What Is Umask and How to Use it Effectively

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What is Umask?

Umask, or the user file-creation mode, is a Linux command that is used to assign the default file permission sets for newly created folders and files. The term mask references the grouping of the permission bits, each of which defines how its corresponding permission is set for newly created files. The bits in the mask may be changed by invoking the umask command.

When using the term Umask, we are referring to one of the following two meanings:

  • The user file creation mode mask that is used to configure the default permissions for newly created files and directories
  • The command “umask” which is used to set the umask value

As you probably already know, all Unix-based operating systems have a set of properties that are used to define who is allowed to read, write, or execute specific files or directories. There are three categories called “permissions classes” to which these permissions apply, and they are noted as follows.

fig_permissions_chmod-command
  • User: The User, by default, is the owner or creator of a file or folder. The ownership of the new file defaults to this user.
  • Group: A Group is a set of users that share the same access level or permissions to a file or folder.
  • Other: The Other group is defined as any user not included in the previous two categories. These users have not created a file or folder, nor do they belong to a specific usergroup. This group includes everyone not identified as a user or as being part of an usergroup. When we set the permission level of a file or folder to Other, it gives permissions level access to anyone that accesses the file or folder.

So, what happens when a user creates new files and directories? The system automatically assigns the following permissions a file if using the touch command.

[root@host ~]# touch test.txt
[root@host ~]# stat test.txt
  File: test.txt
  Size: 0 Blocks: 0 IO Block: 4096 regular empty file
Device: fd03h/64771d Inode: 654750 Links: 1
Access: (0644/-rw-r--r--) Uid: ( 0/ root) Gid: ( 0/ root)
Access: 2020-04-21 12:53:25.612051178 -0400
Modify: 2020-04-21 12:53:25.612051178 -0400
Change: 2020-04-21 12:53:25.612051178 -0400
 Birth: -

If we create a directory, it assigns the following permission set to it, 

[root@host ~]# mkdir test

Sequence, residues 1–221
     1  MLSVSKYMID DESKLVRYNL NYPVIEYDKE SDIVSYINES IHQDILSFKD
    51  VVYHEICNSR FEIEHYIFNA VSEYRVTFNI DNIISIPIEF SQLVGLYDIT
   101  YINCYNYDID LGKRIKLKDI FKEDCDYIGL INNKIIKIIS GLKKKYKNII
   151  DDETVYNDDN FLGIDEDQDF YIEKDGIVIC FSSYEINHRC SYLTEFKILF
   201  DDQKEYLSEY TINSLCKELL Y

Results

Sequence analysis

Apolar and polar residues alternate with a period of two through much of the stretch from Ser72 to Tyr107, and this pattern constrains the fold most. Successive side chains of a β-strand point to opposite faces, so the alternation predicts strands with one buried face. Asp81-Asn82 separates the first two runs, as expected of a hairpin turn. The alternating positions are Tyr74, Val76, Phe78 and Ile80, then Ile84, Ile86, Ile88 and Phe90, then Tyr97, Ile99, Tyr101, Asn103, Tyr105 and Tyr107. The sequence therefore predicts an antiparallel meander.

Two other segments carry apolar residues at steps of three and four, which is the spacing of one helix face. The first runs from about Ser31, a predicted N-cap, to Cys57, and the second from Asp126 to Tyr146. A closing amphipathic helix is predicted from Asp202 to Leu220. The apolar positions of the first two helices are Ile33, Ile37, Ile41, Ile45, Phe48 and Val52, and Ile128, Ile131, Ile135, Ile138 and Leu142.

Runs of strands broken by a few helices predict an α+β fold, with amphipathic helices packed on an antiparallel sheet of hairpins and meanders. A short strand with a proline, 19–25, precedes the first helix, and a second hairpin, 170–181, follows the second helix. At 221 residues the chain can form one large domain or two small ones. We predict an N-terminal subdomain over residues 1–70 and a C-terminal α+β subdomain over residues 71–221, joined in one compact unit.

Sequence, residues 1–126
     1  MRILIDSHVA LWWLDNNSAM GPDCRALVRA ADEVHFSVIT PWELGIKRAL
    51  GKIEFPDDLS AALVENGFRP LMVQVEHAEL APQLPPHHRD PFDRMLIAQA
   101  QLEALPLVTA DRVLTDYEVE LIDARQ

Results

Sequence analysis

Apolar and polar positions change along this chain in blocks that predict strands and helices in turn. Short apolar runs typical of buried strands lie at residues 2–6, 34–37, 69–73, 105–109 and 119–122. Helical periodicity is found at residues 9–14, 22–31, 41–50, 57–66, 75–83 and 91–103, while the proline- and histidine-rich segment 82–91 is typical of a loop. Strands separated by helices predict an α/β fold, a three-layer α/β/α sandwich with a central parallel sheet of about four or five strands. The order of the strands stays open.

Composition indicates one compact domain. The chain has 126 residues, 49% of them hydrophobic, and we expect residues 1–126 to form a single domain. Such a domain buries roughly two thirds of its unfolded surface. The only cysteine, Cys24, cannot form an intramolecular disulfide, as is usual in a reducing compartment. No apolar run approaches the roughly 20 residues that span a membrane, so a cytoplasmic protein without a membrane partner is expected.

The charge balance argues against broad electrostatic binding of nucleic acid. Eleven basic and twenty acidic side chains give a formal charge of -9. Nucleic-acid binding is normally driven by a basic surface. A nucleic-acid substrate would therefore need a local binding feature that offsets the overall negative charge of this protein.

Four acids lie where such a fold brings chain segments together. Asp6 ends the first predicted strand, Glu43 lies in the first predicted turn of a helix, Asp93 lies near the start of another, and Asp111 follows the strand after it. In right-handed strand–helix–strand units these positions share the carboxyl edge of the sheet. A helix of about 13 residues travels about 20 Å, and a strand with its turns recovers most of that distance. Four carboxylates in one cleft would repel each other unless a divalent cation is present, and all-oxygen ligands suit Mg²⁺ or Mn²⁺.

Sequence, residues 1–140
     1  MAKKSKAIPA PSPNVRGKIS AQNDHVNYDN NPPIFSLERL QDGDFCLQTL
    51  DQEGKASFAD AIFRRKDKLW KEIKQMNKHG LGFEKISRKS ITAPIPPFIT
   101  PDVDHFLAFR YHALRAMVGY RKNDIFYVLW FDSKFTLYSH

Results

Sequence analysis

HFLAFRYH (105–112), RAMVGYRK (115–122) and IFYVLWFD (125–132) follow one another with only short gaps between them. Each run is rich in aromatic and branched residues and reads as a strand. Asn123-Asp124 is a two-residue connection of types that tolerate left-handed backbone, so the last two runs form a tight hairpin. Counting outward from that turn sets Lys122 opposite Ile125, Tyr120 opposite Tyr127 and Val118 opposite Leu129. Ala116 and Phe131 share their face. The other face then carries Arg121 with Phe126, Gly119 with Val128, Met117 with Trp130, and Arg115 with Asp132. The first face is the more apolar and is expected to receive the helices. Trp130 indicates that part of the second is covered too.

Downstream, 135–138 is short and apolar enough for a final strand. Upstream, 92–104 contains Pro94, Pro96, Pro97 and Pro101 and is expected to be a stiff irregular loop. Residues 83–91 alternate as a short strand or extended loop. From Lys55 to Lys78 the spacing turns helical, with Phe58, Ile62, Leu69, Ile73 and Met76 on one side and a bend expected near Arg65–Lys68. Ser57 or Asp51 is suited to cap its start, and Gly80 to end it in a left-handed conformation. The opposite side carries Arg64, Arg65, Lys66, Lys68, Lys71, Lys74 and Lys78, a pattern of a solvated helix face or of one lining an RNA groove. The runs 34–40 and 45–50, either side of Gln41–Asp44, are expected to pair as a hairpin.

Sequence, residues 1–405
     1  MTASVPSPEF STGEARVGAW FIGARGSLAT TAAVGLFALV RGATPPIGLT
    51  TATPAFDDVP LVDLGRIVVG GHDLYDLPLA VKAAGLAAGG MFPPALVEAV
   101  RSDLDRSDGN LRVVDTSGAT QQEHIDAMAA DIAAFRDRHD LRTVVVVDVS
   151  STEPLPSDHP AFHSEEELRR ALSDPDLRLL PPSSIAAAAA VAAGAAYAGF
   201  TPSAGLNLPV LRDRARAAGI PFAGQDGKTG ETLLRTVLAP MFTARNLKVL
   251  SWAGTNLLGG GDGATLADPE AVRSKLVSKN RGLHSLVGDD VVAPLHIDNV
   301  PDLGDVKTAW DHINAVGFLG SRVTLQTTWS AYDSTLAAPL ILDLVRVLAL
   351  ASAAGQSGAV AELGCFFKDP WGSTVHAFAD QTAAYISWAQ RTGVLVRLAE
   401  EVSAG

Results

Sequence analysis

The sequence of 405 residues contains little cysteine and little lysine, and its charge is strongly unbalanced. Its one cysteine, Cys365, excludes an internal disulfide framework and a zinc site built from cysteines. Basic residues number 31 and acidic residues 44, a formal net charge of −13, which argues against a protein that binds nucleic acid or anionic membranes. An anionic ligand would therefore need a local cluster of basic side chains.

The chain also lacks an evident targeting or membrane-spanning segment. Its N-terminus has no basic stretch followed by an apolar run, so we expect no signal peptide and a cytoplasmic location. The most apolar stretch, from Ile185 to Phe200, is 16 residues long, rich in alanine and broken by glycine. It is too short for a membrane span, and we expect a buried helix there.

[root@host ~]# stat test
  File: test
  Size: 4096 Blocks: 8 IO Block: 4096 directory
Device: fd03h/64771d Inode: 654751 Links: 2
Access: (0755/drwxr-xr-x) Uid: ( 0/ root) Gid: ( 0/ root)
Access: 2020-04-21 12:54:25.172601585 -0400
Modify: 2020-04-21 12:54:25.172601585 -0400
Change: 2020-04-21 12:54:25.172601585 -0400
 Birth: -
[root@host ~]#

The Umask Command Syntax

The complete manpage entry for umask is as follows.

umask [-p] [-S] [mode]
The user file-creation mask is set to mode.  

If mode begins with a digit, it is interpreted as an octal number; otherwise it is interpreted as a symbolic mode mask similar to that accepted by  chmod(1). If mode is omitted, the current value of the mask is printed.  

The -S option causes the mask to be printed in symbolic form; the default output is an octal number. 

If the -p option is supplied, and mode is omitted, the output is in a form that may be reused as input. The return status is 0 if the mode was successfully changed or if no mode argument was supplied, and false otherwise.

To view the current umask value, we use the umask command. Running the umask command by itself provide the default permissions that are assigned when a file or folder is created.

[root@host ~]# umask
0022
[root@host ~]#

To change these values, we will use the following command.

[root@host ~]# umask ###
[root@host ~]# umask 022

The ### symbols in the first command are used in lieu of an actual octal number.

Below, we can see the translated values of the octal and how they are related.

Number Permission
4 read
2 write
1 execute
  Read     Write   Execute Total Value Symbolic Equivalent:
0 0 0 0  
0 0 1 1 x
0 2 0 2 w
0 2 1 3 wx